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KEY CONCEPTS

  • Polycythemia vera (PV) is the most common of the Ph-negative myeloproliferative neoplasms (MPNs). Virtually all cases are driven by activating JAK2 mutations, and elevation of all three cell counts is typical. Life expectancy is good but shorter than that of an age- and sex-matched population. Thrombosis is the major clinical concern, and prevention of the same is the principal goal of therapy. PV can progress to myelofibrosis (MF) or transform to acute myeloid leukemia (AML). All patients need aspirin unless it is contraindicated. Low-risk patients are typically treated with phlebotomy, whereas high-risk patients need cytoreductive therapy. The target hematocrit level for all patients is to be less than 45%. Leukocytosis is clearly associated with mortality and leukemic transformation; its relationship with thrombotic risk is less certain. Hydroxyurea (HU) and interferon (IFN) are both reasonable frontline options for cytoreductive therapy; ruxolitinib is approved for use after failure of HU.

  • Essential thrombocythemia (ET) is the most indolent of the classic Ph-negative MPNs. Careful distinction of ET from prefibrotic primary myelofibrosis (pre-PMF) is necessary. Life expectancy in ET is the same as, or only slightly lower than, that of an age- and sex-matched population. Driver mutations in JAK2 underlie approximately half the cases, with CALR and MPL mutations accounting for most of the remainder. ET can progress to MF and rarely transform to AML. Thrombosis and bleeding are the main clinical concerns, and the goal of therapy is to mitigate these risks. Patients are risk stratified for thrombosis by age, JAK2 mutation status, thrombosis history, and cardiovascular risk factors. The platelet count does not correlate with thrombotic risk. HU or IFN are the cytoreductive agents of choice; anagrelide is commonly used as a second-line therapy. Aspirin is generally recommended, but should be avoided in the presence of acquired von Willebrand disease.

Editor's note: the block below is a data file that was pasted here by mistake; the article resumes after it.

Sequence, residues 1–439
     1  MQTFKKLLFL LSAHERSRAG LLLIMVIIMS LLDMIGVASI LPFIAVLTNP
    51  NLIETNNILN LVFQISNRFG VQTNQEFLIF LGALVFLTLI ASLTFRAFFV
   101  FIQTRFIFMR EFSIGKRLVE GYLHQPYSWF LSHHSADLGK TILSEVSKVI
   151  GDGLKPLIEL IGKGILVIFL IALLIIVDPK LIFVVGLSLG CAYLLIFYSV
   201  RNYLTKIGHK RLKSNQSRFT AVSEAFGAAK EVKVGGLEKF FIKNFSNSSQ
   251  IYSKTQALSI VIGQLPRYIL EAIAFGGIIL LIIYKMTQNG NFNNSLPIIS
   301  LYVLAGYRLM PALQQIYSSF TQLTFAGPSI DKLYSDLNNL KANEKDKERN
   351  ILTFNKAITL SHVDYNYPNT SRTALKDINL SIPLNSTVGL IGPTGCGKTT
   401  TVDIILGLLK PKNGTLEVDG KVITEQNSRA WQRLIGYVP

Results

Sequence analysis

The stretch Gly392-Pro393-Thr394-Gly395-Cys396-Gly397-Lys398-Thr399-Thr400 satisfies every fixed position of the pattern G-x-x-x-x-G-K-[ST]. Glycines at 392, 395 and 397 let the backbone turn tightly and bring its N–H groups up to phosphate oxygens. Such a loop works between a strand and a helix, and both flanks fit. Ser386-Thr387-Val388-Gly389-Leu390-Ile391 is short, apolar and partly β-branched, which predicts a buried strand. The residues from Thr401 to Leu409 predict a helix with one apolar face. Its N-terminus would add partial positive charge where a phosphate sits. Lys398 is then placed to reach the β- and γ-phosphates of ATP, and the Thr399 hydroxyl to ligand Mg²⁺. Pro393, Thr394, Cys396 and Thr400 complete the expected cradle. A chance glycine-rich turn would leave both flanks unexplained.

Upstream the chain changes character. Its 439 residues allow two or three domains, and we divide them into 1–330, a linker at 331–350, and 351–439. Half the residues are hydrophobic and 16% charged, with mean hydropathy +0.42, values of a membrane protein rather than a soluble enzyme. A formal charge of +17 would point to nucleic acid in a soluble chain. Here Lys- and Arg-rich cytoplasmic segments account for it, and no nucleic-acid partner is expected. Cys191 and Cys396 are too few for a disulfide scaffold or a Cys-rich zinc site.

• Myelofibrosis can be primary (PMF) or arise as a complication of PV or ET (post-PV/ET MF). Overt MF is usually characterized by anemia, splenomegaly, a variety of symptoms, leukoerythroblastosis, and markedly reduced survival compared with PV and ET. Pre-PMF is more indolent but carries a worse prognosis than ET. The distribution of driver mutations in PMF is generally similar to that in ET, but mutations in “nondriver” genes are much more common. The risk of leukemic transformation is much higher in MF than in ET or PV. Accurate prognosis for patients with MF is critical for decisions about stem cell transplant (SCT) and depends on several clinical and genomic factors. JAK inhibitors represent the cornerstone of therapy; in some patients, anemia-directed therapy with or without JAK inhibitors may be appropriate.

  • Chronic eosinophilic disorders/hypereosinophilic syndromes (CED/HES) are heterogeneous disorders characterized by hypereosinophilia in the blood and possible eosinophilic organ infiltrations. Diagnosis requires exclusion of secondary causes. Evaluation for end-organ damage is always needed. Primary CED/HES include myeloid/lymphoid neoplasms with eosinophilia and rearrangement of PDGFRα, PDGFRβ, FGFR1, or with PCM1-JAK2. Patients might have various nonspecific symptoms or serious organ involvement (gastrointestinal system, heart, skin, lungs). ...

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